1 cup of Castor Oil (or Olive Oil)
1 1/2 oz Calendula flowers

Place contents in a tinted jar. Place container in a shaded environment for 3-6 months (min), shaking the contents weekly. Filter the loose leaf out using cheese cloth; and use in recipes.

Decoction: Is the most common form of preparation, when using fresh or dried herbs. Decoction preparation time is more instant, making it more convenient. However, because the herbs are prepared on a high temperature, most of the natural properties are cooked out of the herbs/minerals, making the mixture not as potent as it could have been without decoction.
(Example of Decoctions: Tea)

Example Recipe: Peppermint Tea

4 fresh twigs of peppermint
3 cups of water

Place water into a small pot; bring to a boil, then add peppermint leaves. Bring the temperature down to 'low heat'. Then let the mixture simmer for a couple of minutes (sweetening the tea, whilst it is over a heat. Sweeten to preferred taste). Take pot off of the stove, and let the mixture seep for 3 minutes before serving.

Distillation: Is the most potent solution and the most commonly used solutions used. It is oil based like infusions. Distillation is similar to Infusions. The only difference that Infusions are prepared and left to sit in dark cupboards, and their preparation time is much longer. Distillations can be left to 'infuse' outside in the sun, for a shorter period of time. The process is great, however, it does require a large amount of herbs/minerals to create a solution that is greatly potent. Preparation is for external usages

Example Recipe: Lavender Distillation

1 oz of Lavender Flowers
1 cup Olive Oil

Place contents in a jar (preferrably a tinted jar, but not required). Place the container outside, in a stable location, where the container will recieve a large amount of sun. Leave the container in this location for 2 weeks (max), shaking the container bi-weekly. Filter the solid contents out, and bottle the liquid into a tinted container, and store in a cool location.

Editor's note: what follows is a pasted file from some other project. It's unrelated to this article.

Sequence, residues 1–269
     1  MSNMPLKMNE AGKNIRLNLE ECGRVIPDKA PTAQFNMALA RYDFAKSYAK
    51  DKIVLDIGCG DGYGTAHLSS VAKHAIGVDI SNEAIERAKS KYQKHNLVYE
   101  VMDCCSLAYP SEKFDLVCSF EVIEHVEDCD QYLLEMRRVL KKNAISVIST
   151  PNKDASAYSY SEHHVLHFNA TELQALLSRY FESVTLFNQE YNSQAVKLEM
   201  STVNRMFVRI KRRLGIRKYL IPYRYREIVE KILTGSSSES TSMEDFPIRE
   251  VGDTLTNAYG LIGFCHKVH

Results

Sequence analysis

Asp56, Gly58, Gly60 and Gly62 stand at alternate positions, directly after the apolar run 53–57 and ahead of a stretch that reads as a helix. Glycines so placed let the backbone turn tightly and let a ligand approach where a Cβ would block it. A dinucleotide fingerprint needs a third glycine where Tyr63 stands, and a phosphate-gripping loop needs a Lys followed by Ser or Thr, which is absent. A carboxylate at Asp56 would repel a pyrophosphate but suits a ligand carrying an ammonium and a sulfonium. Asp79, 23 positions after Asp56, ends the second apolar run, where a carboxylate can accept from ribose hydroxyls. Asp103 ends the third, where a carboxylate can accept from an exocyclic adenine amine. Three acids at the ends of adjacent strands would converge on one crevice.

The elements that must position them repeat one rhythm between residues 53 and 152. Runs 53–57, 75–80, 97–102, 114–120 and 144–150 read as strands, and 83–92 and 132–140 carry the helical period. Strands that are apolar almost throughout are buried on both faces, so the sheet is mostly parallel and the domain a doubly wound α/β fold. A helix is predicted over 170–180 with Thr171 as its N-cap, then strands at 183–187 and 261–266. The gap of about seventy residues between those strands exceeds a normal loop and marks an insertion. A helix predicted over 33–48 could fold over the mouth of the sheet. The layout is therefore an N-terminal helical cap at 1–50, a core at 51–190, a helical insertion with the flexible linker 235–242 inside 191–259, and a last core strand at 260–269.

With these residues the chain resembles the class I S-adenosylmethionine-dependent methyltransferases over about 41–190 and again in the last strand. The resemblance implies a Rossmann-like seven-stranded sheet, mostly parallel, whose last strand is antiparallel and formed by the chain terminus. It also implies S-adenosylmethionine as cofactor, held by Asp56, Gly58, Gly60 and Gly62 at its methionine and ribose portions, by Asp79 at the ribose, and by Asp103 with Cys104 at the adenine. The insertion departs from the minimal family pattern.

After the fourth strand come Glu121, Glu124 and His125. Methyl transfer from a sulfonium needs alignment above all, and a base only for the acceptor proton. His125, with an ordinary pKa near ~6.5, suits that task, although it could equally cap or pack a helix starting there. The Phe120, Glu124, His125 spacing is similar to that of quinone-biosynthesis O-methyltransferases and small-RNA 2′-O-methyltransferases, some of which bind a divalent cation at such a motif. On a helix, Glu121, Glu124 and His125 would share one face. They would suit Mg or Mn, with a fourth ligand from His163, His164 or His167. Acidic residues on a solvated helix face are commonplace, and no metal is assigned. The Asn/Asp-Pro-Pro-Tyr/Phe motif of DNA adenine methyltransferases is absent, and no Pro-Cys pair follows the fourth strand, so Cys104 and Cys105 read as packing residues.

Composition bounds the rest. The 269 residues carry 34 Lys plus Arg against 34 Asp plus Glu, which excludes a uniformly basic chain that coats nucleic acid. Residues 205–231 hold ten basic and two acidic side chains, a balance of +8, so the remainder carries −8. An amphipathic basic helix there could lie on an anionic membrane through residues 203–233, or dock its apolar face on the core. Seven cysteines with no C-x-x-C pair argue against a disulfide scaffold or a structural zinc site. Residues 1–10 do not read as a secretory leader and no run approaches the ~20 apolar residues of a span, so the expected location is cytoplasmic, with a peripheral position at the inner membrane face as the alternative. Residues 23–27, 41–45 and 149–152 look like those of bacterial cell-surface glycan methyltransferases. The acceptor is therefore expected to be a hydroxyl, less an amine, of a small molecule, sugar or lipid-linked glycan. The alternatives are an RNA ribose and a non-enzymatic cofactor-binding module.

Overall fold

• Essential Oils: are a sub-catergory in Distillation. After the herbs have been infused in the sun for a couple of weeks (allowing the substance to become some what oxygenated), the solution is then further filtered. From the base solution, they extract the plants natural oils. Essential Oils require a HUGE amount of product (like, a few pounds), just to make a 2 oz bottle. The process is very delicate. And takes a lot of time to produce. However, if done correctly, essential oils are the CLOSEST format of the original subject. And can be used in almost any external type of recipe. Preparation is for external usages

And there you have it... the basic preparations when working we herbs. So what do you do from here? Try it yourself. Try combining different types of herbs to create a new oil infusion (like, calendula & lavender). With making "base infusions" (like distillations; tinctures; and oils) you are cutting down on preparation time when you are in the kitchen. Also, you are cutting down the costs, since you will only need to use a few drops of your homemade solutions, verses a few cups of your materials.